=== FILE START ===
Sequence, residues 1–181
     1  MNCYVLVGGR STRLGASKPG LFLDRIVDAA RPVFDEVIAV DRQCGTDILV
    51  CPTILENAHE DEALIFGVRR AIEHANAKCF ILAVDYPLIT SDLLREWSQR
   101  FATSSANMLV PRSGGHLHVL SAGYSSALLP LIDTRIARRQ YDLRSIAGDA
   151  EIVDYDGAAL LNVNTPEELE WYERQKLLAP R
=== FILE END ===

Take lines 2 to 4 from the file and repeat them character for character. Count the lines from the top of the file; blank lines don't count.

     1  MNCYVLVGGR STRLGASKPG LFLDRIVDAA RPVFDEVIAV DRQCGTDILV
    51  CPTILENAHE DEALIFGVRR AIEHANAKCF ILAVDYPLIT SDLLREWSQR
   101  FATSSANMLV PRSGGHLHVL SAGYSSALLP LIDTRIARRQ YDLRSIAGDA